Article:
Rep. Katie Porter at a House Financial Services Committee hearing on December 2. Greg Nash/Pool / Reuters
Democratic Rep. Katie Porter attacked Senate Majority Leader Mitch McConnell on Twitter for holding up COVID-19 stimulus negotiations over corporate liability protections.
Republicans have backed protections for businesses from litigation from employees who get COVID-19. Porter said those enabled “the worst of the worst examples of disregard for human life.”
The protections have been a major sticking point in COVID-19 stimulus negotiations, including for the $908 billion bipartisan proposal that lawmakers are thrashing out.
A new $916 billion proposal from the White House also insists on “robust” litigation protections for businesses — but it’s already a nonstarter with Democrats.
Porter accused McConnell of being the sole GOP figure left insisting on the measure, though he appeared to soften his stance on Tuesday.
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Rep. Katie Porter launched a blistering attack on Senate Majority Leader Mitch McConnell on Twitter on Tuesday, slamming his insistence in COVID-19 stimulus negotiations on corporate liability protections.
“Everyone at the negotiating table-including Senate Rs-has agreed to a compromise. Except one,” she wrote in a Twitter thread, which as of Wednesday had been shared more than 50,000 times.
“Mitch McConnell is refusing to bring it to the floor unless it wipes away all COVID-related lawsuits filed that ‘allege injury or death’ due to corporate negligence,” she wrote.
“These lawsuits represent the worst of the worst examples of disregard for human life,” she added.
You can click on the tweet below to read Porter’s full thread.
At a press conference on Tuesday, McConnell appeared to soften his stance on that issue, but he still backed a new White House proposal with those protections.
Coronavirus-related lawsuits for corporations
The slow negotiations over COVID-19 relief have in recent days boiled down to two major sticking points: the scale of funding to state and local governments, and protections for businesses from litigation by employees who get the virus.
Republicans have stood by the latter, insisting on it in both the $908 billion bipartisan proposal backed by leading Democrats and a new $916 billion proposal announced Tuesday by Treasury Secretary Steven Mnuchin on behalf of the White House.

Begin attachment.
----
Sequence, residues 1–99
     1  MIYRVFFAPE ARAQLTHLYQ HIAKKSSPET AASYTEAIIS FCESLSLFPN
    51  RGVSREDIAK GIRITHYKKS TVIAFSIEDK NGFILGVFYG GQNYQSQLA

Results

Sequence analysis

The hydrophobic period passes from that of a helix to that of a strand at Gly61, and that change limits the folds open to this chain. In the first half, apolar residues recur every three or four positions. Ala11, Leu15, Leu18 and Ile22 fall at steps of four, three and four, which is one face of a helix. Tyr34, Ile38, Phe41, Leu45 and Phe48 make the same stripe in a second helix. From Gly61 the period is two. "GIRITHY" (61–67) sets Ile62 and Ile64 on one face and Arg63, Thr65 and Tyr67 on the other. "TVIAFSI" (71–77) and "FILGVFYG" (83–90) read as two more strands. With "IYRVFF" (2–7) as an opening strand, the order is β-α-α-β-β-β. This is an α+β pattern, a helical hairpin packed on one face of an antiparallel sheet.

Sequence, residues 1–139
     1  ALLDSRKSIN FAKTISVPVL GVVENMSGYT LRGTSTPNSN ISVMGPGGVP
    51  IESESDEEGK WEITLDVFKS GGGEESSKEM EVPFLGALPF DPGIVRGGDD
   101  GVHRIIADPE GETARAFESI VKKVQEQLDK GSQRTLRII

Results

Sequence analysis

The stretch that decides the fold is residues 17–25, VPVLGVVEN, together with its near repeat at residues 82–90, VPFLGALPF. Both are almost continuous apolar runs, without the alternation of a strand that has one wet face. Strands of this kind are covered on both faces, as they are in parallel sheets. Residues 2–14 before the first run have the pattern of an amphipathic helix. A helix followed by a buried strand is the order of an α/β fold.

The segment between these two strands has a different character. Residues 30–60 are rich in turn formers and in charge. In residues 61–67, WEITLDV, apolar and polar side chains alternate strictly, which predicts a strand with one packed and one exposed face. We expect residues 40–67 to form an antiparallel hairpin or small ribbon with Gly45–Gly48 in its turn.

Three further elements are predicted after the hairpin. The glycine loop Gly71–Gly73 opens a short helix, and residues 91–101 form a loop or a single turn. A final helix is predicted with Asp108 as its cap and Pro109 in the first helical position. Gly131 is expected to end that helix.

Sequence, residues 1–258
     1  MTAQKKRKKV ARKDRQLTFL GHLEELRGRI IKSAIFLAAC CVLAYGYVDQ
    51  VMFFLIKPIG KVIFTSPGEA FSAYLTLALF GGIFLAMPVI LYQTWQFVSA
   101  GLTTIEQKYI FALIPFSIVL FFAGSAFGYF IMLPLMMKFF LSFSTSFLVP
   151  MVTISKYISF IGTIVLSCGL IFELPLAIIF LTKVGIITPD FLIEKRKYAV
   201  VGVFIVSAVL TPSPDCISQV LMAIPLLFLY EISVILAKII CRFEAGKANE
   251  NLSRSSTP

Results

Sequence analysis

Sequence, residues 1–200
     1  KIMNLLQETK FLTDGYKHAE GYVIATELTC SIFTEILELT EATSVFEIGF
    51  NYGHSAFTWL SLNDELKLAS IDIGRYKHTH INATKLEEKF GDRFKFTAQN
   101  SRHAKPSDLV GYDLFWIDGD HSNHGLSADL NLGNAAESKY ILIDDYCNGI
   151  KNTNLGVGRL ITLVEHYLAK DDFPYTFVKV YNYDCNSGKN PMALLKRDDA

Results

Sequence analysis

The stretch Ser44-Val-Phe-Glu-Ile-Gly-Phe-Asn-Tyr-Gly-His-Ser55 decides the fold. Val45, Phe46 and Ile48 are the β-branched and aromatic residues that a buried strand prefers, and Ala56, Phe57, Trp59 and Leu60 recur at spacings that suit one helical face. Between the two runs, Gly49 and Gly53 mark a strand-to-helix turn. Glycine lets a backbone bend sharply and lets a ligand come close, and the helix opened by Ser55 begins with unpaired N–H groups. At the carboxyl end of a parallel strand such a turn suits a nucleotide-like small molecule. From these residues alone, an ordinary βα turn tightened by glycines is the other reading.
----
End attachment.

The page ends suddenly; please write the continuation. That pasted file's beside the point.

Mnuchin gave few details about that plan but said it included “robust liability protections for businesses, schools, and universities.”
The two proposals have significant differences, and Democrats have criticized the White House’s proposal because it would cut jobless benefits.
McConnell has long described liability protections as a red line in his negotiations, saying they would protect businesses from “frivolous” lawsuits from employees and would give businesses confidence in reopening.
Senate Majority Leader Mitch McConnell. Photo by NICHOLAS KAMM/AFP via Getty Images
A draft Republican plan obtained by Business Insider’s Kimberly Leonard in July had aimed for liability protections to be retroactive to December and to be extended no longer than five years.
In that plan, businesses’ liability would be limited to gross negligence and intentional misconduct. But experts have said that the bar is already high enough for employees to prove that a workplace was unsafe.
In her thread, Porter said that among the cases affected by the GOP’s proposed measures would be those “filed on behalf of nursing home patients and grocery store workers who died because the company in charge of keeping them safe prioritized cutting costs over protecting them.”
Numerous lawsuits have been filed against grocery stores, cruise lines, meatpacking plants, and nursing homes over the risk of COVID-19 for employees and customers.
Porter said McConnell was the sole GOP figure holding out over the business-liability issue.
McConnell’s office did not immediately respond to Business Insider’s request for comment.
McConnell’s slight shift in tone
At his press conference, McConnell appeared to step back from his insistence on liability protections for businesses.
He suggested that the protections – along with the Democratic-backed aid for state and local governments – be “set aside” for the current negotiations. The parties should expect to fight over it when President-elect Joe Biden’s administration calls for another package, as is expected, he said.
It was his first shift in tone; he’d been otherwise intransigent on this and several other issues.
Until the White House proposal was unveiled, McConnell had stuck firmly to his much smaller proposal, which he said reflected bipartisan concerns but which had no support from Democrats.
As senior GOP figures and Democrats continued to seek headway with the bipartisan $908 billion proposal, McConnell lashed out at Democrats, accusing them of using “all-or-nothing tactics.”
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